Medicines agency: Suspending AstraZeneca vaccines would be drastic measure
Chief medical officer of the Estonian Agency of Medicines Alar Irs said at a press conference on Tuesday that fully suspending the use of the AstraZeneca vaccine in Estonia would be a drastic measure. Estonia will keep using the vaccine.
Irs said that of the 530 notices made to the Agency of Medicines concerning side effects experienced by people after receiving coronavirus vaccines, 486 were about the AstraZeneca vaccine.
"There were three severe cases, one older man developed a retinal vein occlusion. Two people developed symptoms of the coronavirus 1.5 months after receiving the vaccine. Detailed links to the vaccine need to be investigated, however," he said.
Irs noted that there was also one death announcement resulting from the person falling and getting a head trauma, which in turn were caused by a high fever and loss of balance.
"The vaccine is thought to be the reason," he said.
"The AstraZeneca vaccine has been administered to close to 17 million people, two-thirds of them in the United Kingdom. Full suspension of vaccinations with AstraZeneca would be a drastic measure. The European Medicines Agency has said that the benefit of this vaccine definitely outweighs the damage," he said.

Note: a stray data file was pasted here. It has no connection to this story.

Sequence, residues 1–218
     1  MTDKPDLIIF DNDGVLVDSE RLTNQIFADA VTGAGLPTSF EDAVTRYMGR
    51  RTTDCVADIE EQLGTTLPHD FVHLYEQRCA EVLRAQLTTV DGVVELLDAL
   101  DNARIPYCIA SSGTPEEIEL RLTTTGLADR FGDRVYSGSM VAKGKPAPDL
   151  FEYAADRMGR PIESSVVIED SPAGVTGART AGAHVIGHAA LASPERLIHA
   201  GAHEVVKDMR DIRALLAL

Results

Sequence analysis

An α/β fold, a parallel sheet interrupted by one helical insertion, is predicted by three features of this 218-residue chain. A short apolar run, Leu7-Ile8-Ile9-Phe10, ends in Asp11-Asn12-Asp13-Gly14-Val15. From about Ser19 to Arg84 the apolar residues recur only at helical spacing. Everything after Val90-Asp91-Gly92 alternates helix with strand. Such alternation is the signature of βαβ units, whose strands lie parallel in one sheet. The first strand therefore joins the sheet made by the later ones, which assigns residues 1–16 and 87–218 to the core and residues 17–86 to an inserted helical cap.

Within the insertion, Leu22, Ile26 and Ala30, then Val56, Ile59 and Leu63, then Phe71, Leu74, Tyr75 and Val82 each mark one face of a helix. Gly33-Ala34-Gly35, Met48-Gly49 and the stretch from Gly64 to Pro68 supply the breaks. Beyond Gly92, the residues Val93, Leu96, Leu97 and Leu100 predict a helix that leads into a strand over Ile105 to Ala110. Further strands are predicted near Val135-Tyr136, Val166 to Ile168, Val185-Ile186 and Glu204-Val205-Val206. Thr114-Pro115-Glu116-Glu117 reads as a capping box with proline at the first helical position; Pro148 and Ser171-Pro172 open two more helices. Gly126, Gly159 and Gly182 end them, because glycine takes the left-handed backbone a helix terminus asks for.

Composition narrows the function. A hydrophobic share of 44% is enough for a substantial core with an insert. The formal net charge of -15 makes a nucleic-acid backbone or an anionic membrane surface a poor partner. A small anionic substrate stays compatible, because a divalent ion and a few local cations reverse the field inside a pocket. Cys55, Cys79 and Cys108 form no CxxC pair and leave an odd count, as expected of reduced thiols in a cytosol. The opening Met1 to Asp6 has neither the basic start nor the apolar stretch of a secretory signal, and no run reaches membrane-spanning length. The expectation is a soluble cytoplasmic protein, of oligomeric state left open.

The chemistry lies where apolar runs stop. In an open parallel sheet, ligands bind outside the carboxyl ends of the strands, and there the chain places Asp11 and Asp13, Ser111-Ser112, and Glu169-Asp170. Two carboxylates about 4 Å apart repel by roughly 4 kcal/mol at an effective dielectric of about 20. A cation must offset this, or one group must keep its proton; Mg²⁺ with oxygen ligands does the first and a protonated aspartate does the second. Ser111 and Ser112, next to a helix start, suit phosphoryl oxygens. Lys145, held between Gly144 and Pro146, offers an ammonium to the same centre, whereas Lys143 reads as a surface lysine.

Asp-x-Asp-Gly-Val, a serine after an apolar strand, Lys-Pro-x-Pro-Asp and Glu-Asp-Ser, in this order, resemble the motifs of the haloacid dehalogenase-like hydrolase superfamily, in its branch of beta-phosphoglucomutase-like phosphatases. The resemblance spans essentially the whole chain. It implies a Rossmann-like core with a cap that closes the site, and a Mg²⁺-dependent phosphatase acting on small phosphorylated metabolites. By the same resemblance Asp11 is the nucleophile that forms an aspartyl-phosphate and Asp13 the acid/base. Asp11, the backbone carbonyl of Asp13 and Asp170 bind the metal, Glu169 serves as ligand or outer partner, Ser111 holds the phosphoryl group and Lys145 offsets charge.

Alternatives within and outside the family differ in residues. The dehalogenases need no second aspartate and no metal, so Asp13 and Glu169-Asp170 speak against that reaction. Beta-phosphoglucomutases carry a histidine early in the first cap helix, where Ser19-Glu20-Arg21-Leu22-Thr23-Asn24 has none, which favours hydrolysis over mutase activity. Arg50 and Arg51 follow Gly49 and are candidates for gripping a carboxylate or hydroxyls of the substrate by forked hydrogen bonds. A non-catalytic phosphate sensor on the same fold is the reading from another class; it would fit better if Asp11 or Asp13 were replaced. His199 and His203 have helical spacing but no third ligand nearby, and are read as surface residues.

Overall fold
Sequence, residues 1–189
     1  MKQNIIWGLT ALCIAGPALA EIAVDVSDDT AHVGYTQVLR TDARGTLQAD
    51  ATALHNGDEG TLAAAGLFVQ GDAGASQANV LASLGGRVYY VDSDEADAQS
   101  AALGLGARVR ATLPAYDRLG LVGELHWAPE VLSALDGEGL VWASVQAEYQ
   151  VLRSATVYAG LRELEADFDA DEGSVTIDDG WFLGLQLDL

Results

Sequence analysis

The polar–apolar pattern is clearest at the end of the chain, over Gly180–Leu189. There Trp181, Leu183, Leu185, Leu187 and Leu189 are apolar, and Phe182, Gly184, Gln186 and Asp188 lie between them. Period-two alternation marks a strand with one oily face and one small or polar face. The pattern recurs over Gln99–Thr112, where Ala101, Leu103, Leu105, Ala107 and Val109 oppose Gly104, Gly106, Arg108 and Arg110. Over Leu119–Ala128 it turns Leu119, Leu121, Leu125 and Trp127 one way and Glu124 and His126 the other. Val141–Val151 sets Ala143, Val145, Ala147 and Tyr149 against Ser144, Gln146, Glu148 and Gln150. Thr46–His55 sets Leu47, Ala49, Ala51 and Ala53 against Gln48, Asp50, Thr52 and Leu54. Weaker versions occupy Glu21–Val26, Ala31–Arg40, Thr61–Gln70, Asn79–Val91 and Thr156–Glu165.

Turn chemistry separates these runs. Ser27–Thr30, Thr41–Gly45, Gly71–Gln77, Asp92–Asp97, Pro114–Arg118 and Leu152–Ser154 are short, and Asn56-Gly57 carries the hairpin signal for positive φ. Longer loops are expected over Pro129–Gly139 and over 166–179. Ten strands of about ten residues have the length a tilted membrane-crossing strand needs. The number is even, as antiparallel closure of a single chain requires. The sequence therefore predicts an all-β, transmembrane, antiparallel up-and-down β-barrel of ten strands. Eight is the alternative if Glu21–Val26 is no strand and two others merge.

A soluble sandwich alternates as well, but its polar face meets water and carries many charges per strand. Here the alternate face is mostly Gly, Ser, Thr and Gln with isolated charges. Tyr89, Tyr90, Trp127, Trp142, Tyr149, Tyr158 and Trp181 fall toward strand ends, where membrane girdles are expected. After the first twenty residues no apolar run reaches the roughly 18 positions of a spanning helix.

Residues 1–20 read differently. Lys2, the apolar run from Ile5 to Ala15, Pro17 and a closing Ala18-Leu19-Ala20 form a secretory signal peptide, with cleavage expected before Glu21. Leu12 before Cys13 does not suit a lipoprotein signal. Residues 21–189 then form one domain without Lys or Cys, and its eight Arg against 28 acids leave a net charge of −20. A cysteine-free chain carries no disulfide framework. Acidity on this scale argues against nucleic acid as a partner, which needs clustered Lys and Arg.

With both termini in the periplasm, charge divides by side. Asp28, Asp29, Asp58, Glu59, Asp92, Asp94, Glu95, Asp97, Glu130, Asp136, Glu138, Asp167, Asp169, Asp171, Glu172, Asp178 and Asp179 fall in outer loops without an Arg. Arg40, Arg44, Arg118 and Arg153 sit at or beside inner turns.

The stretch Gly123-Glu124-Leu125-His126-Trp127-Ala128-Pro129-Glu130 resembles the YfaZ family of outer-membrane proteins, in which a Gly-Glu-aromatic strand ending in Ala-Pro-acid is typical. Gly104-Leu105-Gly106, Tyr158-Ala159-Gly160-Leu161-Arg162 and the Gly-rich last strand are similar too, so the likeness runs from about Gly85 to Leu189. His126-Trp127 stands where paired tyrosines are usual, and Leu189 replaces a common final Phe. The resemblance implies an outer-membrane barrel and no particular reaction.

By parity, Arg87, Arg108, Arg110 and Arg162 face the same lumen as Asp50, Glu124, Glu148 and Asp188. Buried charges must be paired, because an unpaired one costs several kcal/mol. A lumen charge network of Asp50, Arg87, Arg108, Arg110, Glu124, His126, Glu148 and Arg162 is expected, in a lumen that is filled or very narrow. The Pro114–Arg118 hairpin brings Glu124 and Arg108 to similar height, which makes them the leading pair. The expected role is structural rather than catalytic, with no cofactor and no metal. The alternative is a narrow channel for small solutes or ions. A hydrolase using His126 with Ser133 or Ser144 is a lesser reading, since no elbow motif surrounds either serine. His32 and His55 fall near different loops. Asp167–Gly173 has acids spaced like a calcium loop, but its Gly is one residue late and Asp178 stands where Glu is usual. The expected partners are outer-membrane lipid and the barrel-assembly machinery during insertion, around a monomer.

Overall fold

Minister of Health and Labor Tanel Kiik (Center) said Estonia will continue using the AstraZeneca vaccine.
"No state has proof today that this vaccine is linked to the tragic cases. The vaccine is not used among certain at-risk groups but it is used in other cases," he said.
The minister noted that continued vaccination outweighs possible hypothetical risks.
"We need to take into consideration that vaccination has already saved tens of lives in Estonia and will save hundreds more in the long-term perspective," he said.
Kiik noted that the national expert committee on immunoprophylaxis will convene on Tuesday evening to discuss issues relating to the AstraZeneca vaccine.
British strain "dominant"
The Health Board said the spread of the British strain of the coronavirus is widespread and dominant in Estonia.
Based on the coronavirus strain sequencing results, the Health Board estimates that the prevalence of the British strain in Estonia may be about 70 percent as of last week.
Head of the Department of Infectious Diseases of the Agency Hanna Sepp, said: "The British strain is widespread and dominant. Its share has increased week by week."
The South African strain should also continue to be monitored, she said.
Infection rate is plateauing
According to the Health Board, the level of infection may increase to 2,000 cases a day over the next two weeks, but the impact of the restrictions is already being felt.
Estonia's infection rate - R - has remained at the same level as last week, 1.09. In Harju County, it is higher at 1.12 but in Ida-Viru County it has fallen to 0.95. If the rate is below 1, then the infection rate is no longer rising.
Tanel Kiik (Center) said the rapid rise in infection has now led to a gentle plateau but it remains to be seen what will happen in the coming weeks.
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Editor: Helen Wright